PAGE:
Movies? TV? Those things are soooo 2015 for today’s youth. YouTube is where it’s at.
That’s what Common Sense Media found in its fresh-off-the-presses 2019 “Media use by Tweens and Teens” census. While tweens and teens aren’t increasing their screen time consumption at the rapid pace we’ve seen over the last decade or two, how they’re divvying up their screen time has changed dramatically.
Researchers found that the percentage of youth who say they watch online videos every day has more than doubled in the last four years: Nearly in seven in 10 teens say they watch online videos daily these days, up from the 34% who said the same thing in 2015. For tweens between the ages of 8 and 12, the increase is even more dramatic: About 56% say they watch online videos every day (via YouTube and other streaming services). In 2015, just a quarter of them watched such videos daily. The survey also found that those online videos were the media outlet they enjoyed engaging with the most, with more than two-thirds of tweens saying they enjoy it “a lot.”
Those tween stats are pretty interesting for a whole host of reasons, not the least of which is that YouTube (by far the world’s most popular video streaming outlet) says (in its small print) that it’s not intended for viewers under 13.
“It’s absolutely clear that children younger than 13 use the platform a lot, and they like it a lot,” Michael Robb, senior director of research at Common Sense Media, told Quartz.
Older teens also enjoy those online videos “a lot.” About 58% of them said just that—more than the 43% who said the same about video games, 41% for social media and 44% for watching television.
And once tweens and teens start watching, they don’t stop for a while. The time these youth engage with streaming videos has about doubled as well: On average, tweens watch 56 minutes of such videos a day (up from 25 minutes in 2015), while teens watch nearly an hour (up from 35 minutes).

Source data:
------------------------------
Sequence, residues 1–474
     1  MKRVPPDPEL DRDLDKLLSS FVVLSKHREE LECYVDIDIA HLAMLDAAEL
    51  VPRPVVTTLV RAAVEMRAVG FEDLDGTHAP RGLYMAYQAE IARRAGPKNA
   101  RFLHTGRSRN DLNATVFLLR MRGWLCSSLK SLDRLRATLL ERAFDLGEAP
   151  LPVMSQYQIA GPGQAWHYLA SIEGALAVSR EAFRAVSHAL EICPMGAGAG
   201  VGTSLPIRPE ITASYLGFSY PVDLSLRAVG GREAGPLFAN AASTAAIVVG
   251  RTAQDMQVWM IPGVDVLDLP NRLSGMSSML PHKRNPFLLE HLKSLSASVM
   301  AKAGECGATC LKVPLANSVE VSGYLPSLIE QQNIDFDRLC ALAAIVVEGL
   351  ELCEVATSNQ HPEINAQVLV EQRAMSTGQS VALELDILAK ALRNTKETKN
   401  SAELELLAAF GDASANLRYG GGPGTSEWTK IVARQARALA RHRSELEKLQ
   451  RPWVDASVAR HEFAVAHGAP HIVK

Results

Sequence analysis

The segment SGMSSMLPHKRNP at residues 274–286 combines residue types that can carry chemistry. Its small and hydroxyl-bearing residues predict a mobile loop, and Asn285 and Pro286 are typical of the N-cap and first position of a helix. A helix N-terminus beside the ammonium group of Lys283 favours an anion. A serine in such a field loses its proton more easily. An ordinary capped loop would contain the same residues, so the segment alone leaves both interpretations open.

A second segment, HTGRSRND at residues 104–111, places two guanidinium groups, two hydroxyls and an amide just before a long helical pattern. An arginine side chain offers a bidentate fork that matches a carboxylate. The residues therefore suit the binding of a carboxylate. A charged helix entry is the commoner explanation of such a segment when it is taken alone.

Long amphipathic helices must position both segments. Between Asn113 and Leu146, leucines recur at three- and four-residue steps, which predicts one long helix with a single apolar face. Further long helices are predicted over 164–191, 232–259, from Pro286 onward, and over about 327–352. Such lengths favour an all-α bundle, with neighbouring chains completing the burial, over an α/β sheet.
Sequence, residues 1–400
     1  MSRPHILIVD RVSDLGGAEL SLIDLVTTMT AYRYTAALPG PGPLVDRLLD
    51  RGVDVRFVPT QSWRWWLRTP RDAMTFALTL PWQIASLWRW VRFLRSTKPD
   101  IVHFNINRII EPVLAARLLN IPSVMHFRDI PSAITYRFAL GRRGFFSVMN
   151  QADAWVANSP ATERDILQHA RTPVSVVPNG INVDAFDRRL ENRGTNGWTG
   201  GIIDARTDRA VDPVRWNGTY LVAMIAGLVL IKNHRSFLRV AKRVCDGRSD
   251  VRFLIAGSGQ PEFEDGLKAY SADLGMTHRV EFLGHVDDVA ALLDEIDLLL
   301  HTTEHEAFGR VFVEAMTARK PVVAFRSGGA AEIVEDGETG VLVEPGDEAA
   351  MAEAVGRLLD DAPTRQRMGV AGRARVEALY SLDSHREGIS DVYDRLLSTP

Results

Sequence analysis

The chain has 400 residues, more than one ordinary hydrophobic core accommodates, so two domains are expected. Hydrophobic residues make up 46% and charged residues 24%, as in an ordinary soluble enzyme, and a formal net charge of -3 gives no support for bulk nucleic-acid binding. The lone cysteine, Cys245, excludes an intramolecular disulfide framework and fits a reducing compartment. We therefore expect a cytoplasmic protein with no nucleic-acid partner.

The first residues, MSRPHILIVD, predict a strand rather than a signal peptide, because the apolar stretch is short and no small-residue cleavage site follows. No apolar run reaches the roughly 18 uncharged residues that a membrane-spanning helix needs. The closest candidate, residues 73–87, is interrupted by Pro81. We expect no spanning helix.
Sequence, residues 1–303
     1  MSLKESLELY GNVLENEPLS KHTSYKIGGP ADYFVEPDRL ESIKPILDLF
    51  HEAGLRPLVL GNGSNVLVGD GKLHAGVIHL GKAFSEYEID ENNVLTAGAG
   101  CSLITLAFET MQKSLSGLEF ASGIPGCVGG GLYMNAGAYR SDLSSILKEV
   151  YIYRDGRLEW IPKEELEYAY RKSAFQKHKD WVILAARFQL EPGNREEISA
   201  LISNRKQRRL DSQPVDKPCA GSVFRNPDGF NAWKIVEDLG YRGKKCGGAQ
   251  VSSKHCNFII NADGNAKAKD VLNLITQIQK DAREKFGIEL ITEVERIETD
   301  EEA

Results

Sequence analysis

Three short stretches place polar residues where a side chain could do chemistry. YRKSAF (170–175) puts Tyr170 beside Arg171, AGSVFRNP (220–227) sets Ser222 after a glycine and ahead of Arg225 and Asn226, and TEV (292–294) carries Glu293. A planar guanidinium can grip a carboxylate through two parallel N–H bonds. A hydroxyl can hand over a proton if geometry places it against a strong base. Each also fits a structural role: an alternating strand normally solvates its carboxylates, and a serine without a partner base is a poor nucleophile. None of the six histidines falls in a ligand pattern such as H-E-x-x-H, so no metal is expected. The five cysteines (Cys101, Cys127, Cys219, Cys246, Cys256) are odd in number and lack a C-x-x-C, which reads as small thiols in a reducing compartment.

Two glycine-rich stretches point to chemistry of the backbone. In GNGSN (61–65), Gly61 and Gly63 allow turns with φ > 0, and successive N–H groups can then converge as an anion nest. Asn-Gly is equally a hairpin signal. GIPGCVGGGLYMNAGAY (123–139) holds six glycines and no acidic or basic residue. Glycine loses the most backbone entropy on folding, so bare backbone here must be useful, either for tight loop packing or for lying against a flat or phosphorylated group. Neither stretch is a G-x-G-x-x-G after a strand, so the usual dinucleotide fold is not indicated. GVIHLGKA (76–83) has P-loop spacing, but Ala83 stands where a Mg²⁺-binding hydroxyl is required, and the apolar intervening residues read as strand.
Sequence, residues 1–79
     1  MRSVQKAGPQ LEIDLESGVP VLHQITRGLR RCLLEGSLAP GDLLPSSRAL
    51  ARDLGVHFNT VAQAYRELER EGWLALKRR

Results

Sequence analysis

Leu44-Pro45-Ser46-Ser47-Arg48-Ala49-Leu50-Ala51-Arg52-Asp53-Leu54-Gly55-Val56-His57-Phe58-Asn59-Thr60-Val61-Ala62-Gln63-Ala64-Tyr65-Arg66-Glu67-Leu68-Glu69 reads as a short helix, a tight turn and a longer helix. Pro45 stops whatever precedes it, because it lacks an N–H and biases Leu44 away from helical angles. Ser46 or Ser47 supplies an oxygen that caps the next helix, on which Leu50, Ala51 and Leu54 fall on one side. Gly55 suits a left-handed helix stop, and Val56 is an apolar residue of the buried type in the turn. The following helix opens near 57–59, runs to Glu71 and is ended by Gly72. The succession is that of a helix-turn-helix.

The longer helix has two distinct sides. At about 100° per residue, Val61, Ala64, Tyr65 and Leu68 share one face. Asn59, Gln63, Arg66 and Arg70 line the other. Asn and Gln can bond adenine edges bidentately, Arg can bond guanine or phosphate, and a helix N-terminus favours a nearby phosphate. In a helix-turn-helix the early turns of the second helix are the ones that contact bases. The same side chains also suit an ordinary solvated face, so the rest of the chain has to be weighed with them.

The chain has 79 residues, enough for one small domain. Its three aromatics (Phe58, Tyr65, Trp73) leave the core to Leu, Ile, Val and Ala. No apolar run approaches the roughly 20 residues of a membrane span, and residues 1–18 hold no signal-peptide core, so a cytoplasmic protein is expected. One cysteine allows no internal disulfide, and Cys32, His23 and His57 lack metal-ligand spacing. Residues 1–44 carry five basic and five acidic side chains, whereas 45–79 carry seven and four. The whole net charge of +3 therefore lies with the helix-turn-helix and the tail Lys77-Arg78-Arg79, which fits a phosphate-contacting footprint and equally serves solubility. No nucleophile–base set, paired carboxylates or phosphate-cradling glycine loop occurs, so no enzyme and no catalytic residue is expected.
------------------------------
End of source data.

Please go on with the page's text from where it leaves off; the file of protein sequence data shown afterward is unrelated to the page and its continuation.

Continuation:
Meanwhile, the time youth spend watching television—at least on a standard television set—continues to decline. The survey found that less than a quarter of teens watch television on your typical family TV, down from the 48% who watched TV on TV in 2015.
“We used to have more shared family experiences,” Robb told Quartz. “That’s more at risk because we have more individualized media experiences.”
If there’s good news for screen-wary parents, it’s this: Time these youth are spending with screens is climbing more slowly than it used to. But still, they’re spending a lot of times with their screens: Teens, in fact, spend about 10 hours a day staring at them (though some of that time is spent doing homework on a computer). Cut out that school-and-homework allotment, and teen screen time drops to “just” seven and a half hours. (Tweens spend a little less time than their older brothers and sisters, with kids between the ages of 8 and 12 spending around five hours a day being entertained by media.)
It’s a paradox that youth spend so much time on screens, given that many say it’s a major issue.. An earlier study, this one by the Pew Research Center, found that even teens—60% of them, anyway—thought that spending too much time online was a “major” problem for them.
All these studies are a good reminder to parents on a couple of fronts, I think. One, your kids are spending as much time with their screens as they are with any actual living person. And two, those same teens might need some help in moderating their screen time.
‘Course, to do that most effectively, we adults have to monitor our own screen time, don’t we? Easier said than done.